The video transfer for Smiley Gets A Gun is let down badly by the pan and scan presentation.
The following two paragraphs are virtually identical to my review of the first Smiley film, as the transfers and packaging practically mirror each other.
The film is presented in an aspect ratio of 1.33:1 and is not 16x9 enhanced. The film is presented in an aspect ratio of 1.33:1 which obviously is not 16x9 enhanced. This is a long way from the film's original and correct aspect ratio of 2.35:1. As previously stated, Smiley Gets A Gun was filmed in glorious Cinemascope, but instead of preserving the widescreen format we have been presented with a sub-standard Pan and Scan transfer. The opening and closing credits of the film are displayed in the correct ratio to preserve the titles from extending over the 1.33:1 screen, but this wonderful scope is soon blown away by the intrusive panning and scanning process.
The artwork used in the design of the cover slick for this DVD has been adapted from some original artwork from the film. As such, the Cinemascope logo is prevalent at the front and rear of the packaging, which is unfortunately very misleading. It is interesting to note, however, that the Fox Home Entertainment website shows the cover art of the DVD with the Cinemascope logo removed. This may indicate that the packaging has since been corrected and re-printed - let's hope so.
Sharpness and clarity levels are very good generally, with the occasional presence of noticeable grain. Blacks and shadows were quite reasonable and displayed good detail.
Colours were very well balanced, with no saturation issues. Thankfully, the colour fluctuation problems that were evident on the Smiley DVD were almost non-existent here. However, one such example was evident at 52:03, but only lasts for a few seconds.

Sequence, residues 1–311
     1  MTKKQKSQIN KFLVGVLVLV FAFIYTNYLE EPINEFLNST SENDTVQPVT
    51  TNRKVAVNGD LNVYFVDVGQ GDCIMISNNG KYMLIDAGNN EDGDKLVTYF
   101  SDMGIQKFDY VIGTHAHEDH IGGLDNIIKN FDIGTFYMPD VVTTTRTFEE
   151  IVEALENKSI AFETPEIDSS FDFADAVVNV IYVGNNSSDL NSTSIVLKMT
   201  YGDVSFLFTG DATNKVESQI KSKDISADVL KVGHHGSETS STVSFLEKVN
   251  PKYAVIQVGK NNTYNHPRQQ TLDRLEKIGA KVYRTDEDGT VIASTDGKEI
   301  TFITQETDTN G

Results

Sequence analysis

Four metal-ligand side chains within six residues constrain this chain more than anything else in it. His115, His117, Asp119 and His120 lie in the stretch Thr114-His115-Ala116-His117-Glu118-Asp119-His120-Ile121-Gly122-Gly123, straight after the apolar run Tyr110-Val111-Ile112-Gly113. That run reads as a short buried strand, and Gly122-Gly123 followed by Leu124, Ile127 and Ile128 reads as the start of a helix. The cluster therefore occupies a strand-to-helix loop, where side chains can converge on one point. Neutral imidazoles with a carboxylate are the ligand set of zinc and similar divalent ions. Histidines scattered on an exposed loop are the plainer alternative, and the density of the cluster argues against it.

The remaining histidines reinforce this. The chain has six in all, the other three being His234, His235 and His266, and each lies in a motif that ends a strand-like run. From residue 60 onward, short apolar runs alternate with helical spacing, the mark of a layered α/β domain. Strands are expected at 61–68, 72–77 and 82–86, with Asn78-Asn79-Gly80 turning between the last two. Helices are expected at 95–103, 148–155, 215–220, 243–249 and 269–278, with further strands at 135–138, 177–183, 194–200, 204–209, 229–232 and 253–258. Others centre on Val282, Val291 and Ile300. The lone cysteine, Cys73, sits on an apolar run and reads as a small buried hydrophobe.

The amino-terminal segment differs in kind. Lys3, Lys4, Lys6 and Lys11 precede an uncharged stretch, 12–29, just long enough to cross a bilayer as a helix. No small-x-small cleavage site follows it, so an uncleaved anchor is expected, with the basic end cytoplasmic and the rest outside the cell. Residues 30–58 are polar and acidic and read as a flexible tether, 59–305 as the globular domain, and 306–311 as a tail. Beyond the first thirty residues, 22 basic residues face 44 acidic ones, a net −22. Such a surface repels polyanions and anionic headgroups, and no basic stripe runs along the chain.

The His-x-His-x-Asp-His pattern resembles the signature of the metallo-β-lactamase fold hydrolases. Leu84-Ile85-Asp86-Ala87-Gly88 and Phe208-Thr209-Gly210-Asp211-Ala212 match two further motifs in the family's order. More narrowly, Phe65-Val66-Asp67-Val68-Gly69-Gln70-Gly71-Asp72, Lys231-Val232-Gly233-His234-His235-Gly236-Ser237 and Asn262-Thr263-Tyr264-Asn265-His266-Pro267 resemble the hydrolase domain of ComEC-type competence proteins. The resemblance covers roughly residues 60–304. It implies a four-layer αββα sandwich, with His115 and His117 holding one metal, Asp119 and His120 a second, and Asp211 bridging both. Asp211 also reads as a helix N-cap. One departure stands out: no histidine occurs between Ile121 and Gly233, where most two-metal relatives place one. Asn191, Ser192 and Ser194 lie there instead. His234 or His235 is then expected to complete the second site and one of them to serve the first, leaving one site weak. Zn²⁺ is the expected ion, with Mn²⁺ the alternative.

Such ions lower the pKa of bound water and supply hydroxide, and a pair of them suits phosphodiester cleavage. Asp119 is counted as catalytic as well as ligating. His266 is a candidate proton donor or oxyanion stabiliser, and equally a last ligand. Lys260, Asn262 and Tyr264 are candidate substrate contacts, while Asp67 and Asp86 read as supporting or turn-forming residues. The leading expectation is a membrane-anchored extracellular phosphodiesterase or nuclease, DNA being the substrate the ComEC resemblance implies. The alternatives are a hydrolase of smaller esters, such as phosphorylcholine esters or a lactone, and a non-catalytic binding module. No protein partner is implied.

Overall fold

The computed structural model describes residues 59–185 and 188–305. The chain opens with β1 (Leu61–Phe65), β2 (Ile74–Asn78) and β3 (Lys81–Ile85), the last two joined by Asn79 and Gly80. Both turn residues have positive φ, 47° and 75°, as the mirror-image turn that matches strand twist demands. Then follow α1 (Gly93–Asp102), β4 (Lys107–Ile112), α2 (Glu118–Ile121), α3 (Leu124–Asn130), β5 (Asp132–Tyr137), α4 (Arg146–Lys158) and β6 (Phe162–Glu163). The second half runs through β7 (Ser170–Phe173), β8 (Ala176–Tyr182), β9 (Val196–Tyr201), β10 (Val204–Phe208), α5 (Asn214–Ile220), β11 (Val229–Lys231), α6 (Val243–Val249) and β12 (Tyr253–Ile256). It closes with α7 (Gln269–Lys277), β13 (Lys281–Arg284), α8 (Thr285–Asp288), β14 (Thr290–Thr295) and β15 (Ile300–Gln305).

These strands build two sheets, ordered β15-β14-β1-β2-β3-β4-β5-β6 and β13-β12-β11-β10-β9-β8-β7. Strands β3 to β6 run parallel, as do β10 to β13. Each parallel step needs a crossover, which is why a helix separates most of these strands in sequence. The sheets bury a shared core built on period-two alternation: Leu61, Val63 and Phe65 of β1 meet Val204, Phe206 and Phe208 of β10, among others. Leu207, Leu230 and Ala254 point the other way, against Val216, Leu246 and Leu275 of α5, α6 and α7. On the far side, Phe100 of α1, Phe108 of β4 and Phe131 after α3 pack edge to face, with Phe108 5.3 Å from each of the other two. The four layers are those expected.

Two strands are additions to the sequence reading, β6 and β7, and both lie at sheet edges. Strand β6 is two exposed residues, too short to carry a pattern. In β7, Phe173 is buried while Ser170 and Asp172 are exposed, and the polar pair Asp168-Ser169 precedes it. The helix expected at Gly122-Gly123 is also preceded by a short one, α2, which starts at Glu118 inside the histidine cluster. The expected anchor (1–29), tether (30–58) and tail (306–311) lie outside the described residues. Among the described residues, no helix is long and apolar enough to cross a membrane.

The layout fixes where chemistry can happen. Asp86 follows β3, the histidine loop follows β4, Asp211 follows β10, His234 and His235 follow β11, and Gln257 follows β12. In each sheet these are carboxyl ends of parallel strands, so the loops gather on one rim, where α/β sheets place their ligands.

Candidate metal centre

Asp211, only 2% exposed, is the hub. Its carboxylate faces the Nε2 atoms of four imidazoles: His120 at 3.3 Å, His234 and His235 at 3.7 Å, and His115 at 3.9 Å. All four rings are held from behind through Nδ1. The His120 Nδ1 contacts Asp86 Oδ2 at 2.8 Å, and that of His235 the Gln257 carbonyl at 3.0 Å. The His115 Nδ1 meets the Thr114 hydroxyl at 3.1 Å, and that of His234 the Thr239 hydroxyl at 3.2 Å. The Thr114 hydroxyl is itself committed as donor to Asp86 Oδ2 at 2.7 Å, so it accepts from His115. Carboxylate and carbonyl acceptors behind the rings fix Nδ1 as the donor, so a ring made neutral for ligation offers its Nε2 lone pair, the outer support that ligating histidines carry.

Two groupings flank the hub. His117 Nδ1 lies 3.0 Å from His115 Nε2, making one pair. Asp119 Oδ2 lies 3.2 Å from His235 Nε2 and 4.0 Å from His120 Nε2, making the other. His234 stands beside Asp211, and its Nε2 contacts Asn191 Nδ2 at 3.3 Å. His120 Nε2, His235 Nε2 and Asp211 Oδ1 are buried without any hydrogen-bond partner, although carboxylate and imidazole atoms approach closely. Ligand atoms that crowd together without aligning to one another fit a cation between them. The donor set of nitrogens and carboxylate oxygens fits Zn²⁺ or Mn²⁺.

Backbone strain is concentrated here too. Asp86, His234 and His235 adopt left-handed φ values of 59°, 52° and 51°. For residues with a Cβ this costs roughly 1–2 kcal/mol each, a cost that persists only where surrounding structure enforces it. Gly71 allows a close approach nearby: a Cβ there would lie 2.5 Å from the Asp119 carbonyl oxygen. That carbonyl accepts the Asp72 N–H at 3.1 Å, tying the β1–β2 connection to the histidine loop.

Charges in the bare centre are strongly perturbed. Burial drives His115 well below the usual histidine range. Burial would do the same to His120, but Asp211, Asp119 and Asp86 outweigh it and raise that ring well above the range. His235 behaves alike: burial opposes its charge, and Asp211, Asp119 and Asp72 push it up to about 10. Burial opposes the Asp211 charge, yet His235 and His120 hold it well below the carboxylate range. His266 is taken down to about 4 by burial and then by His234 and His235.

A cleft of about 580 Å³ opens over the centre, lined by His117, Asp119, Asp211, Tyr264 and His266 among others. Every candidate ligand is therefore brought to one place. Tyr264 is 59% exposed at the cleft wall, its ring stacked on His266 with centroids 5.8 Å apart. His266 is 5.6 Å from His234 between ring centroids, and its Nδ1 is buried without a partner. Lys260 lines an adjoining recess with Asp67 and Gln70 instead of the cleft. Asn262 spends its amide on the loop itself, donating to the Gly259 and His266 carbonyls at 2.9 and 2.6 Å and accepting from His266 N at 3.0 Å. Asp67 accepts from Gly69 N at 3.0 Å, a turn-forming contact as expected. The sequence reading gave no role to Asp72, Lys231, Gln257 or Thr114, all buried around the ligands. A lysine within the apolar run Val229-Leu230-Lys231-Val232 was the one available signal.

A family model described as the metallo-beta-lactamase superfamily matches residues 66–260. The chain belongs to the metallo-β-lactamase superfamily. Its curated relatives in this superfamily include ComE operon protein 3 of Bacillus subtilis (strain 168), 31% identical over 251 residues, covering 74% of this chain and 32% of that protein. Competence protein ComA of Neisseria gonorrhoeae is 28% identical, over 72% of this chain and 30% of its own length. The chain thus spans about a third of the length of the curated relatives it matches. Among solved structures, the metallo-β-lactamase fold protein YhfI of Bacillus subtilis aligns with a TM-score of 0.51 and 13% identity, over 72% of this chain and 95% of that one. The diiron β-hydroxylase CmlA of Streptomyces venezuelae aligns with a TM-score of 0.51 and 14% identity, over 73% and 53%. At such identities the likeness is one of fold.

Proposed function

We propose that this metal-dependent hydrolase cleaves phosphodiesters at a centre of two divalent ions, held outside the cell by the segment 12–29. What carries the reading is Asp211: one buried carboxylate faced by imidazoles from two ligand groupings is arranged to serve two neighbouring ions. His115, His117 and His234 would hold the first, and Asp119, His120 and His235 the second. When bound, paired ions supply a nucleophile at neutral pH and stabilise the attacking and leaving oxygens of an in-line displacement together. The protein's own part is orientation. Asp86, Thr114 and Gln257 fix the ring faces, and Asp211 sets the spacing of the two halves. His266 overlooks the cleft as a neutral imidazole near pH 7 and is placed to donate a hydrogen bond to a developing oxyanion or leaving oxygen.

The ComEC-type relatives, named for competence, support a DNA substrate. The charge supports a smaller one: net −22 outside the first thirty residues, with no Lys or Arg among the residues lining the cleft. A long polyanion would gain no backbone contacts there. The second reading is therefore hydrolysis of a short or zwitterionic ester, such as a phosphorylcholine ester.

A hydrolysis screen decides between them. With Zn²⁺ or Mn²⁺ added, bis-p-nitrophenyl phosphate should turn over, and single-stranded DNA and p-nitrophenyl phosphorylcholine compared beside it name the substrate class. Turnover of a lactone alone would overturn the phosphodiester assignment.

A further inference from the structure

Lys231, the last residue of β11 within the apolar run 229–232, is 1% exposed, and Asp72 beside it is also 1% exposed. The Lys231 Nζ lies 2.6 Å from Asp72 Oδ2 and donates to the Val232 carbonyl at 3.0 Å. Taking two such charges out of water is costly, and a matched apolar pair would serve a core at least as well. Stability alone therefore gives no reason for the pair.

There were no MPEG artefacts noticed in this transfer. Film-to-video artefacts were well controlled and relatively minor. They consisted of some edge enhancement and occasional aliasing. A couple of aliasing examples occur at 18:48 on a jacket and at 21:37 on a hat.
English subtitles and English subtitles for the hearing impaired are available on this DVD. Both forms of subtitles are easy to read in bold white and appear to be very accurate.
This is a single sided, single layered disc. As such, there is no layer change.
The audio transfer is actually quite good.
There is one audio track available on the DVD, English Dolby Digital 2.0 (224Kb/s). This is the original mono audio track.
The dialogue quality is very good. I had no problems hearing and comprehending the dialogue throughout the film.
A few minor lapses in audio sync were noticeable on occasions, but these were not particularly significant or annoying.
The original music score by Wilbur Sampson complements the themes of the film well. Clyde Collins wrote the title song from the film, A Little Boy Called Smiley.
The surround channels and subwoofer were not required.
|Surround Channel Use|
There are no extras on this DVD.
The menu is a very basic, static design which is 16x9 enhanced. It features an audio sample of the title song from the film.
At the time of this review there is no R1 version of Smiley Gets A Gun available.
Smiley Gets A Gun is wonderful family entertainment that will appeal to all ages. It is an entertaining sequel to the first film, with more charming performances from its young cast.
Like the DVD presentation of Smiley, the video transfer is let down badly by the pan and scan presentation, which effectively wipes out nearly half of the Cinemascope ratio.
The audio transfer is very good, considering the limitations of the original mono audio track.
There are no extras on this DVD.
|DVD||JVC XV-N412, using Component output|
|Display||Hitachi 106cm Plasma Display 42PD5000MA (1024x1024). Calibrated with THX Optimizer. This display device is 16x9 capable. This display device has a maximum native resolution of 1080i.|
|Audio Decoder||Built in to amplifier/receiver. Calibrated with THX Optimizer.|
|Amplification||Panasonic SA-HE70 80W Dolby Digital and DTS|
|Speakers||Fronts: Jensen SPX7 Rears: Jensen SPX4 Centre: Jensen SPX13 Subwoofer: Jensen SPX17|